FORECAST UPDATE: TRUMP IS IN MAJOR TROUBLE REGARDLESS OF TAPE - Hillary Clinton has an 89 percent chance of winning the presidency, according to the Huffington Post’s presidential forecast. That’s because she garners 273 electoral votes ― enough to win ― just among states in which her win chances are 90 percent or above. In the last two days Wisconsin and Michigan have broached that 90 percent likelihood mark, shifting from battleground states to probable Clinton wins. Trump could win all 7 states in the battleground section ― which now includes South Carolina ― and still lose the election. The Senate still looks like a probable Republican majority, with a 69 percent chance they’ll hold at least 51 seats. [Presidential forecast, Senate forecast]

CLINTON RECEIVING LESS SUPPORT AMONG LATINOS THAN OBAMA DID IN 2012 - Mark Hugo Lopez, Ana Gonzalez-Barrera, Jens Manuel Krogstad, and Gustavo López: “About six-in-ten Latino registered voters (58%) favor [Hillary] Clinton, while just 19% support Trump; 10% favor Libertarian Gary Johnson while 6% back Jill Stein, the Green Party nominee. In 2012, in a two-way contest between Barack Obama and Mitt Romney, Obama won 71% of the Latino vote, while just 27% supported Romney, according to national exit polls. That was one of the largest Democratic advantages among Latinos dating back more than two decades, according to a post-election analysis of the Hispanic vote….Overall, 69% of Latino registered voters say they are ‘absolutely certain’ they will vote this November, down modestly from 77% who said the same in 2012.” [Pew Research]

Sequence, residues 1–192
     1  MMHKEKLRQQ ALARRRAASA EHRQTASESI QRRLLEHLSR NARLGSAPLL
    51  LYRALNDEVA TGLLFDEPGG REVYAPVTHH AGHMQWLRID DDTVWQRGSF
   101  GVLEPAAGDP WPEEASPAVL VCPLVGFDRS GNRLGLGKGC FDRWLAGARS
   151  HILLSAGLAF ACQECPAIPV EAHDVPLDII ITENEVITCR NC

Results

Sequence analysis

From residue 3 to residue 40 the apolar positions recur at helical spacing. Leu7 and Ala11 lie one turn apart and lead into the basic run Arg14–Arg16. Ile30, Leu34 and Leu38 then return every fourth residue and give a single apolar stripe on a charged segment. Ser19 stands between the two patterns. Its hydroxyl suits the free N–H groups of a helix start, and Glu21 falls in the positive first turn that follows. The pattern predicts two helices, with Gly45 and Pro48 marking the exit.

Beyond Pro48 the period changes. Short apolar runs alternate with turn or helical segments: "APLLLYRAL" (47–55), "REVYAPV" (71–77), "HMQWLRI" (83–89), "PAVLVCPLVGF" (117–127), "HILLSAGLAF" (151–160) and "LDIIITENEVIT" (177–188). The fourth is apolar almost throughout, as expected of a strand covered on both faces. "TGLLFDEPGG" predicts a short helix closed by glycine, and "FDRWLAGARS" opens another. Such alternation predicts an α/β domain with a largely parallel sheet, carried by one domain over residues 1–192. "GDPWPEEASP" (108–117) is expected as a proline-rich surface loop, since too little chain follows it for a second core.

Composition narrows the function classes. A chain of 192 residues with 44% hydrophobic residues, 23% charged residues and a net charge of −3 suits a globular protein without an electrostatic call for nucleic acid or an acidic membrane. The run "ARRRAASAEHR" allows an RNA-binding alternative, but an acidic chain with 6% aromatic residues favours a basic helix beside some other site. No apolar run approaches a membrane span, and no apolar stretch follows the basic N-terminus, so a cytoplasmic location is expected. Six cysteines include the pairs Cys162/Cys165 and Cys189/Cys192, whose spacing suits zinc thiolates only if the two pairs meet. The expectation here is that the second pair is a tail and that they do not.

Latino millennials are contributing to Clinton’s dampened support - Ed O’Keefe: One of the sharpest declines is among Latino millennials — those ages 18 to 35 this year. Just 62 percent say they are absolutely certain to vote this year, compared with 74 percent in 2012. That seems to be a contributing factor in the softer support for [Hillary] Clinton. Her support among millennial Latinos is 18 percentage points lower than among those who are older (48 percent vs. 66 percent). In addition, Pew finds that nearly two-thirds of Latino millennials who support Clinton say their support is more a vote against Trump than a vote for her. Among older Latinos, 65 percent say their support for Clinton is more a vote for her than a vote against Trump.Those generational divides have been reflected among voters overall this year, as Clinton has struggled to build rock-solid support among younger voters, who are signaling increased interest in voting for minor-party candidates such as Libertarian Gary Johnson and Green Party nominee Jill Stein.” [WashPost]